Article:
Takako Yanagida-Lordly

Region: Ontario
| Born 1958, Japan


Takako Yanagida-Lordly is a soprano singer. She is well known for her exquisite voice, onstage charisma and exceptional interpretations of Japanese Art Song. Yanagida-Lordly studied at the Kunitachi College of Music, Japanese National Institute for Opera in Tokyo, and in Vienna, with the renowned tenor Anton Dermota on a Japanese government fellowship. She was the Gold Medallist in the Kansai Japan-Italy Concorso, featured in the Kunitachi College of Music’s 60th Anniversary Festival, and profiled in the NHK Promising Artist series. Her career highlights include Venus in Nikikai Opera’s Tannhäuser under Tadaaki Otaka, soloist in Beethoven’s Symphony No. 9 with the Tokyo Symphony Orchestra under Kazuyoshi Akiyama, Luna in R. Murray Schafer’s opera Hermes Trismegistos, and the lead role Amaterasu in the premiere of Ikuma Dan’s Susano-o. Ikuma Dan later honoured Takako by personally introducing each piece for her homecoming recital in Sasebo.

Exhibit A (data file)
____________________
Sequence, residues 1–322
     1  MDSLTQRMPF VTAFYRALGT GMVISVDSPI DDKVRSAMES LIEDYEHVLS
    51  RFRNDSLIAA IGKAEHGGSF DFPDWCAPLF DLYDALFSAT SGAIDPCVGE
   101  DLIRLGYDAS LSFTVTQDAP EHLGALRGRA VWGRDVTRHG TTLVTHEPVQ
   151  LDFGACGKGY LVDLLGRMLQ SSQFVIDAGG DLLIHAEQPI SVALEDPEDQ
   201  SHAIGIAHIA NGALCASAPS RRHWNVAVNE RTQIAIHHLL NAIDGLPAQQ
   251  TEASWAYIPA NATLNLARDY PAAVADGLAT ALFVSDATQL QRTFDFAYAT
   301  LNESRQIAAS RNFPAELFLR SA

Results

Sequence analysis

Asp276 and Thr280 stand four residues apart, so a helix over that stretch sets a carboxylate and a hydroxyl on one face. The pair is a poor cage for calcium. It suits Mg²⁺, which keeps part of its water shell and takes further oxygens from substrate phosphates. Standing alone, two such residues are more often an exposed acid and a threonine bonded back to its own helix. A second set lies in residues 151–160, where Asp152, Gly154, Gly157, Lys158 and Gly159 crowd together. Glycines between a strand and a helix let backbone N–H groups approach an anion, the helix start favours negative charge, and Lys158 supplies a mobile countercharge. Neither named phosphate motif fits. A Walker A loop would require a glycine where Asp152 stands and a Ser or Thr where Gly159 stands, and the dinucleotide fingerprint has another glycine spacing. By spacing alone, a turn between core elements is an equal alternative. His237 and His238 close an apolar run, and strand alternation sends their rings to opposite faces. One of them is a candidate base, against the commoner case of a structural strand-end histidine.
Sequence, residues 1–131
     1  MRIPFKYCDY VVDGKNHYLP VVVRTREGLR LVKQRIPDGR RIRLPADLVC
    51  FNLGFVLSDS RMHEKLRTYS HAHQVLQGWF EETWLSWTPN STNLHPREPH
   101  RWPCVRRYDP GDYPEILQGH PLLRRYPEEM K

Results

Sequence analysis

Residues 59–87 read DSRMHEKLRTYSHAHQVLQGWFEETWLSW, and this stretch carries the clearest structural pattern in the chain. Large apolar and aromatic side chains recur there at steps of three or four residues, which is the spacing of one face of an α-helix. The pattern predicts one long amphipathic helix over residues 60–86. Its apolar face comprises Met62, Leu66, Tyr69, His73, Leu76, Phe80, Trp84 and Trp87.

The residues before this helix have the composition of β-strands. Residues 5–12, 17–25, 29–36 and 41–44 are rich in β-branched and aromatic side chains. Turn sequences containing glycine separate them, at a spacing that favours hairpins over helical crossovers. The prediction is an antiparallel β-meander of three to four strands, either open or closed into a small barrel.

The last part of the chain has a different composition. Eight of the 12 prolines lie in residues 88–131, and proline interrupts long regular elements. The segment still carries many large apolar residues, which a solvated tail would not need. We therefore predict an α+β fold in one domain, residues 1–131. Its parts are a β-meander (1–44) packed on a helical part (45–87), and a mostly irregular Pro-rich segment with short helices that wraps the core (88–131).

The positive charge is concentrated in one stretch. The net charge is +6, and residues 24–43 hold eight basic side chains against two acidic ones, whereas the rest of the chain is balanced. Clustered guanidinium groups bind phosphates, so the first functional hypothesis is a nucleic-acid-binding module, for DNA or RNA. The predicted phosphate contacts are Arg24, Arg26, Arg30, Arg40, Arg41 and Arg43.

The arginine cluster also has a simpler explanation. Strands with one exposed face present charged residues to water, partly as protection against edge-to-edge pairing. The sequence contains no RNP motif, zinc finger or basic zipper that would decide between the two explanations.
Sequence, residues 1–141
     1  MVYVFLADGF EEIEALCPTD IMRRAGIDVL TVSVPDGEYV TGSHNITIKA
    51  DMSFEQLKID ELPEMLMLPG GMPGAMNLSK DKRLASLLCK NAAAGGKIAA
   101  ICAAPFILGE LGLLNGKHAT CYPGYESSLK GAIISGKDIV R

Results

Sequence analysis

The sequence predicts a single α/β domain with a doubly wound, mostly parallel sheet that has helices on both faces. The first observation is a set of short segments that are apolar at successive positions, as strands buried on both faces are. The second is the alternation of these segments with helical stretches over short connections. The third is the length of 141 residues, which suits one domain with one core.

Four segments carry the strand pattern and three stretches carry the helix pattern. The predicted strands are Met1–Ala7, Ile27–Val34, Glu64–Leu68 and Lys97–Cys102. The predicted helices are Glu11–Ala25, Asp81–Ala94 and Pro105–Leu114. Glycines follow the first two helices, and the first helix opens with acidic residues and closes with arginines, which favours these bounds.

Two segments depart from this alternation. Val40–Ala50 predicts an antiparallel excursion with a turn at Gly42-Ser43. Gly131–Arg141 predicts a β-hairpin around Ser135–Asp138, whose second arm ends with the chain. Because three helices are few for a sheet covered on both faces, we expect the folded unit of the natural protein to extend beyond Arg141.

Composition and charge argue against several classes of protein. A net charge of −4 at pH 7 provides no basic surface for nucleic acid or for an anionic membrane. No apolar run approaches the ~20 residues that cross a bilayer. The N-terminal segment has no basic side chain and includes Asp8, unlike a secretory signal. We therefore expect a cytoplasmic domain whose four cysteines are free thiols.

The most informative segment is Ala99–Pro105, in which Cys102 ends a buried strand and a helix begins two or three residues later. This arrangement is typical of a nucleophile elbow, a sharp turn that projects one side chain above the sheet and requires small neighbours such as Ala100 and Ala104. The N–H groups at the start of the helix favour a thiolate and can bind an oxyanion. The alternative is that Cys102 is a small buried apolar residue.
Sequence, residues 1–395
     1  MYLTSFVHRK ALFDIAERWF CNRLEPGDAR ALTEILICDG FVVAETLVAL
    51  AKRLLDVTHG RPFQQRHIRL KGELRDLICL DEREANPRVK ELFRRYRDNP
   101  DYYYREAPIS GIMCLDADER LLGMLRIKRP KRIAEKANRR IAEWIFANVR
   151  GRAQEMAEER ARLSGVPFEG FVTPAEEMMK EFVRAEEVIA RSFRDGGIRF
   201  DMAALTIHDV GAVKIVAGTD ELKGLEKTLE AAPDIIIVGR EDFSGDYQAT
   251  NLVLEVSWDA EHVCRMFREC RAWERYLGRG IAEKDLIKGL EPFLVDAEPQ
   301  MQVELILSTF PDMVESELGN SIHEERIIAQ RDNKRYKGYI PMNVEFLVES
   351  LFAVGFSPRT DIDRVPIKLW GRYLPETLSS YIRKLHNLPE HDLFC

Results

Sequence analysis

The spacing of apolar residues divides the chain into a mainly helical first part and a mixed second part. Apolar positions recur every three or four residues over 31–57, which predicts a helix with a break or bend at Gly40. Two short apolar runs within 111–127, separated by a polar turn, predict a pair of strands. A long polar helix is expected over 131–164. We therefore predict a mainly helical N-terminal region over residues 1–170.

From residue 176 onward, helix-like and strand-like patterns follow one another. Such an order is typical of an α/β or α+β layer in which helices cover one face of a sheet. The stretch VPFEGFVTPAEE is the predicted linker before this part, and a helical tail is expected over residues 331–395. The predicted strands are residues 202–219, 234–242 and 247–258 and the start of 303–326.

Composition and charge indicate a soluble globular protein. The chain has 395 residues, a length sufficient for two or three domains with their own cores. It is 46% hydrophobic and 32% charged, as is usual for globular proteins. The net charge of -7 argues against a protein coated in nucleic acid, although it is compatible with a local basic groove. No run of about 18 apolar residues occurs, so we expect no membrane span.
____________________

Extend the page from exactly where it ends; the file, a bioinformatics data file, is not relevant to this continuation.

On New Year’s Eve 1999, Yanagida-Lordly was Orlofsky in Die Fledermaus with the Vienna Volksoper at Tokyo’s Suntory Hall. The Yomiuri newspaper wrote of her in Mozart’s Il nozze di Figaro, ‘her Cherubino was ideal!’ Yanagida-Lordly has enjoyed a long-running recital series in Kobe and Osaka associated with Ryohei Koiso Museum of Art. On her hometown Sasebo’s invitation, Yanagida-Lordly set to music the poem Kujukushima – mittsu no uta (“Kujukushima – Three Songs”) performed for the Kujukushima National Park’s 60th anniversary. When not on stage, Yanagida-Lordly maintains a busy schedule with her private students and as Music Director of the Choir Trillium, a Toronto-based Japanese women’s choir. Yanagida-Lordly continues to perform in Canada and Japan. She recently charmed audiences with stunning performances in Toronto and in Makurazaki, Japan. Recordings include Takako in Recital, recorded live at the Glenn Gould Studio, Sakura, which continues her mission to bring Japanese art song to a wider audience, and Peace, released to commemorate the 70th anniversary of Hiroshima and Nagasaki.

Artist Statement

As a singer, my body is my instrument. I have to keep up my health and strength. I want to sing as long as I can. Music is close to God. Everything centers around breathing. I try to teach my students how to breathe fully, to bring in music with every breath. I want to continue recording Japanese Art Songs, based on the beautiful folk melodies of my home country. I studied Lieder in Vienna so these are two parts of my musical heritage I want to share with as many as I can.